After a laparoscopic hysteropexy most women usually stay in the hospital for 1 or 2 days. Recovery time varies from woman to woman. It is important to remember that everyone’s experience is different, and it is therefore best not to compare your own recovery with that of others on the ward.

When can I return to my usual routine?

Recovery is a time consuming process, which can leave you feeling tired, emotionally low or tearful. Although the scars from laparoscopic (keyhole) surgery are small, this does not shorten the healing process. The body needs time and help to build new cells and repair itself.

Depending on the surgery you have had and the nature of your work, you will need to take 4 to 6 weeks off work to recover. If you require a sick note, please ask.

Sex after the operation

Healing usually takes about 6 to 8 weeks, so penetrative intercourse is not advised during this period.

Some women find penetrative intercourse uncomfortable at first but it gets better with time and may improve if you use a lubricant, such as vaginal moisturisers, topical oestrogen cream or pessaries.

Do expect things to feel a little different after the operation as the vagina will be suspended and therefore under slight tension. Sometimes, sensation during sex might be reduced and you may find it more difficult to achieve orgasm.

Weight and exercise

Reduced levels of activity and an increase in appetite may add to you putting on extra weight. It is important to continue to exercise following surgery. After 6 weeks you can gradually build up your level of activity, and after 3 months you should be able to return to your usual level of activity. You should try to avoid any unnecessary heavy lifting to reduce the risk of the prolapse recurring.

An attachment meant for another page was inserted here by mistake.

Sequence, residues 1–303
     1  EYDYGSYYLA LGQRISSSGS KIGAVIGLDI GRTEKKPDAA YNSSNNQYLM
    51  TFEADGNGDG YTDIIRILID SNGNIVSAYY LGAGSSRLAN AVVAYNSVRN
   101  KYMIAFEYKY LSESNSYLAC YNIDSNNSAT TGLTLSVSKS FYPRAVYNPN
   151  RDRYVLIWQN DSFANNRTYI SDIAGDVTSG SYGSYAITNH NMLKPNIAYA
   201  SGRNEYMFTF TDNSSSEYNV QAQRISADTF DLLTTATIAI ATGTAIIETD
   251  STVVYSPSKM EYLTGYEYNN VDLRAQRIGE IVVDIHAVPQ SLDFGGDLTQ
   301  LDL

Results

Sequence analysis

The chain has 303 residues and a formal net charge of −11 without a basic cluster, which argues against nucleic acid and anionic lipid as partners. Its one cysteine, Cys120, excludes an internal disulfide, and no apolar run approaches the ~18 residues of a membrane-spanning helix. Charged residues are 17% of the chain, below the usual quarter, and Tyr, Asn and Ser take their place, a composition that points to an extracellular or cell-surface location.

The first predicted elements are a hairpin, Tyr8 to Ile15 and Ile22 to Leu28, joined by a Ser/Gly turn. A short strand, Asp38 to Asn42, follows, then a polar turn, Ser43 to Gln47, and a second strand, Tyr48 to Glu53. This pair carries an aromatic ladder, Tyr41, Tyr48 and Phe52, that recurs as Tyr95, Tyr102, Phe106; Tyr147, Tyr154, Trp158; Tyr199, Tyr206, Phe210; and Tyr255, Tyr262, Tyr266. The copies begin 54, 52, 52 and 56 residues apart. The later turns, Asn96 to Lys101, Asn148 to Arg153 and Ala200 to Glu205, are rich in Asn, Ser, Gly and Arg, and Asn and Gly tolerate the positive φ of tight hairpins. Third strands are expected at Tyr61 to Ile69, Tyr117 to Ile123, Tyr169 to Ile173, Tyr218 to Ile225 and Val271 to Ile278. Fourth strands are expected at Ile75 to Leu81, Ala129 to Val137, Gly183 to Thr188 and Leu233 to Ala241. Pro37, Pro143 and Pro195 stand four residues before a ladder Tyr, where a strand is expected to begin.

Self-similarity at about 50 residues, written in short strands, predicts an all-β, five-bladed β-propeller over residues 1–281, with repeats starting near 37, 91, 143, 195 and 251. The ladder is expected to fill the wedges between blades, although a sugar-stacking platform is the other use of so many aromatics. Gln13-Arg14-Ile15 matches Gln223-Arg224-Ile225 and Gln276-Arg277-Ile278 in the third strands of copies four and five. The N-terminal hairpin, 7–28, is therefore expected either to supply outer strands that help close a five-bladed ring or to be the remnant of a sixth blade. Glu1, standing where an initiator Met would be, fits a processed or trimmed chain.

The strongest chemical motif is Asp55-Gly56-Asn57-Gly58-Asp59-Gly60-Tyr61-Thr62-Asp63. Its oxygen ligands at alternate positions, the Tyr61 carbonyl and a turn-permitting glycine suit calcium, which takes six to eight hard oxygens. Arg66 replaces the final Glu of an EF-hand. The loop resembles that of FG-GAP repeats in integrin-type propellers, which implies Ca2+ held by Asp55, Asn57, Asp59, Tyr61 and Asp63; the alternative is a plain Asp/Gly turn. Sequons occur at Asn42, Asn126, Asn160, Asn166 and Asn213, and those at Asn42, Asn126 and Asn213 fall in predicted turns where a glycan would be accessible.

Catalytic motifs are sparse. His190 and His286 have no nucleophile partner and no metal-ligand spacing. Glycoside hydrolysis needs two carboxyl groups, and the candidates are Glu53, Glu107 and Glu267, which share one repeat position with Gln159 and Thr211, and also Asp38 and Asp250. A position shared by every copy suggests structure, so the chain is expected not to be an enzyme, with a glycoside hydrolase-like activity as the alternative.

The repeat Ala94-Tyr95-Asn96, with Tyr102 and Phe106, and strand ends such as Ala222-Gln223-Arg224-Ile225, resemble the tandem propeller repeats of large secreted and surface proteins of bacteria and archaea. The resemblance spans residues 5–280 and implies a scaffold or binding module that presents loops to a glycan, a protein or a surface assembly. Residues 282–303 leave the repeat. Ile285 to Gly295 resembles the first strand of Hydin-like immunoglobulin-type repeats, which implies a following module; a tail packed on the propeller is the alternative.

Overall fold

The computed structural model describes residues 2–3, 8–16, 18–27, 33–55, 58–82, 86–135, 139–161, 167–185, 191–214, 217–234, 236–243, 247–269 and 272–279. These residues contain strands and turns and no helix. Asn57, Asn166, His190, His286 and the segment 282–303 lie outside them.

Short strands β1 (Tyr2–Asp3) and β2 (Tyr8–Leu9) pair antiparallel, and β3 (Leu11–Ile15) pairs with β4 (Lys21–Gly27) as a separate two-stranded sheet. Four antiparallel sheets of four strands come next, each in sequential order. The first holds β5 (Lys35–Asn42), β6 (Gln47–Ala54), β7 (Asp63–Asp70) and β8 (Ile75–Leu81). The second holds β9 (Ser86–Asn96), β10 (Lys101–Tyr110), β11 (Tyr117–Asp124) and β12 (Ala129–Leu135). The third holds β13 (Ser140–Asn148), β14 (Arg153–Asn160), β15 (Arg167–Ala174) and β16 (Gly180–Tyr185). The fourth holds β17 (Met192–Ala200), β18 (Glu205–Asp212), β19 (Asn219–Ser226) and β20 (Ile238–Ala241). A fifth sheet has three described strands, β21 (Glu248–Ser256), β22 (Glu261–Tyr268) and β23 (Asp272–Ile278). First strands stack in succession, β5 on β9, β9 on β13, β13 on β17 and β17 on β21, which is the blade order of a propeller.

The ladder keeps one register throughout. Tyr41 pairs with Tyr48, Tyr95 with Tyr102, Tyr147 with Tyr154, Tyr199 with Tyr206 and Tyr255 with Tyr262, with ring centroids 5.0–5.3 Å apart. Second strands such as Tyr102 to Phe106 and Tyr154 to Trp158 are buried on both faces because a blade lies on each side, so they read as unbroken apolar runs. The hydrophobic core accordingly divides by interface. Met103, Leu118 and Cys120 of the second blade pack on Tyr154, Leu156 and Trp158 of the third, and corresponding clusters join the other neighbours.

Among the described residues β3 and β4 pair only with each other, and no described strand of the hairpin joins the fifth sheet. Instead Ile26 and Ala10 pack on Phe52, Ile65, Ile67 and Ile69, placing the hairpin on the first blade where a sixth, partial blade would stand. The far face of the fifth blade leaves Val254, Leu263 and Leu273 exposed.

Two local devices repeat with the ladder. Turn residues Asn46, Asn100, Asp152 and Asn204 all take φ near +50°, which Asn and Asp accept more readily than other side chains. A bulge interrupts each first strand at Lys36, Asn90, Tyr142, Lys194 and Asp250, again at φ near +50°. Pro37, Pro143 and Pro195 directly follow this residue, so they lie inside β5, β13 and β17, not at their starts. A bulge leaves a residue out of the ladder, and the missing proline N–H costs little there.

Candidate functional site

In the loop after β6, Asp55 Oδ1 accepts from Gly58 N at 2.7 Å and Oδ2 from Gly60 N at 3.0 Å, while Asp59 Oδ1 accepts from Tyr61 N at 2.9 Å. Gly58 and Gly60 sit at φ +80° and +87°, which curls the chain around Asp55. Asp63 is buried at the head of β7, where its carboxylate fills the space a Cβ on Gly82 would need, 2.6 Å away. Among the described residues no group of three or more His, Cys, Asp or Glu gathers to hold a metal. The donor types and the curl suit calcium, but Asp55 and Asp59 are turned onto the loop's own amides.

Low impact exercises such as cycling and swimming are good and have less impact on the pelvic floor.

Follow up

A follow-up appointment will be arranged after surgery to assess your recovery. This will be either as a telephone follow up, clinic appointment or a questionnaire. The clinic appointment will be sent to you through the post.

You should contact your GP or gynaecology team if you notice any of the following:

  • An increase in your temperature
  • Warm, painful, swollen leg
  • Chest pain or difficulty breathing
  • Swelling around your wound or tummy
  • Pain that is getting worse
  • Discharge from your wounds or vagina
  • Blood in your urine
  • If you are unable to open your bowel

Cervical smears

After a hysteropexy you will need to continue to have routine cervical smear tests.

If you have any further questions please feel free to ask your doctor.

Contact information

If you have any problems or concerns after going home, please contact your GP or if out of normal working hours NHS 111 for advice.

Alternatively you can contact the hospital, either the ward you were discharged from or an Advanced Urogynaecology Practitioner.

Advanced Urogynaecology Practitioner

The Women’s Centre, Gloucestershire Royal Hospital

Tel: 0300 422 6246

Tel: 0300 422 6278

Monday to Friday, 8:00am to 4:00pm

Further information

Patient decision aid about choice of procedure for prolapse of the uterus (NICE)

Sacrohysteropexy for Uterine Prolapse (Womb Prolapse) - British Society of Urogynaecology

NICE guidelines: Uterine suspension using mesh (including sacrohysteropexy) to repair uterine prolapse



Bladder & Bowel UK

Helpline: 0161 214 4591

Monday to Friday, 9:00am to 4:30pm



Printable version of this page

Laparoscopic Hysteropexy GHPI1282_09_21 Department: Gynaecology Review due: September 2024 PDF, 606.7 KB, 14 pages
Reference number GHPI1282_09_21
Department Gynaecology
Review due September 2024